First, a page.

Preserving the Watershed for Doe and Three Fawns

Good to see you all at yesterday’s Annual Meeting! It looked like standing room only but I did miss a few of you regulars who could not attend…

Reports and updates on our 319 stormwater grant projects, the monitoring and control of invasive weeds and the new Asian Clam infestation, water quality testing, and discussions of how our organization can grow to address current issues and future impacts on the lake and watershed… the MPA may be 42 years old but we remain at the forefront of the issues and activities that relate to Manchaug Pond. More than once we have wiped sweat from our brow in service to this lake and the watershed!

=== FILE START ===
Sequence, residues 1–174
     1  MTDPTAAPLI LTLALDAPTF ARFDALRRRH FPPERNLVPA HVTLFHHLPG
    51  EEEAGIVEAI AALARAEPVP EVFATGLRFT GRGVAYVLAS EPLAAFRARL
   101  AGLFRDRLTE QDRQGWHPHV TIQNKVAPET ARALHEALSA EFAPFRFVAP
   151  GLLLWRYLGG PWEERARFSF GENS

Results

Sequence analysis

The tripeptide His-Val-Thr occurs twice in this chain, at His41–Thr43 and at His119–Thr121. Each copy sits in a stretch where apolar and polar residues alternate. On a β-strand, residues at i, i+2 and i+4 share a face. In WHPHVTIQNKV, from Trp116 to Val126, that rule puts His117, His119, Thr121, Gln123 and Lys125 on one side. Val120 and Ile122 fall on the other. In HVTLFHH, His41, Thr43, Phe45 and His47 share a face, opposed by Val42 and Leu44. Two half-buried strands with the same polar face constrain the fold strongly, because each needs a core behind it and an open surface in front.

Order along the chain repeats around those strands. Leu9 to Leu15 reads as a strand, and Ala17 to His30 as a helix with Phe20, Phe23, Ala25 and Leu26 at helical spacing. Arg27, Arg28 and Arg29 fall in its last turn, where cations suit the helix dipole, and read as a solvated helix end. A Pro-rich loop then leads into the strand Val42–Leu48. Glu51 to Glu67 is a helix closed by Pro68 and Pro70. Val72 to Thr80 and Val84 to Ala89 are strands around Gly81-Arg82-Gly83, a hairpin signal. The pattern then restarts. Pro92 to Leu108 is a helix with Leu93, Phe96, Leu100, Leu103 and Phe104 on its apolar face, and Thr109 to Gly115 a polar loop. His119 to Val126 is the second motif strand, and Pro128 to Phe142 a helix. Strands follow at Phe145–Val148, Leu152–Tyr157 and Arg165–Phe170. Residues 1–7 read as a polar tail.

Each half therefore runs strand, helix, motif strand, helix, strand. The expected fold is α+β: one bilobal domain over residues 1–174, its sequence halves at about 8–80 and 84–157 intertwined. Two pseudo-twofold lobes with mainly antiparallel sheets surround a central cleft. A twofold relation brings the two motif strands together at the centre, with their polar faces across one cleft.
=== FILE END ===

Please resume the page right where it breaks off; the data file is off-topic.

This fawn was all my camera could capture as it walked with the doe and two siblings in Area 3. Look to the far left to get a glimpse of the others entering the woods. It is common to see them grazing in the fields or walking from the wooded area of the Public Access Boat Ramp to a neighboring area. The white spots are still present on the backs of the three fawns. The move of the MPA to expand our present status as an organization to a larger non-profit can work to preserve not only our lake but also our watershed. We can build on past efforts with the Metacomet Land Trust and the Sutton Conservation Commission to protect open space and receive more lands for the Lake Manchaug Greenway and Wildlife Corridor. This larger non-profit will also allow us to accept the private grants we have had to refuse this year because of our current non-profit status and open the door to larger public and private grants to preserve Manchaug. And hopefully as the Secretary of Environmental Affairs states in his certificate for Manchaug Pond, we will be allowed to preserve the size and scope of the waters of this Great Pond.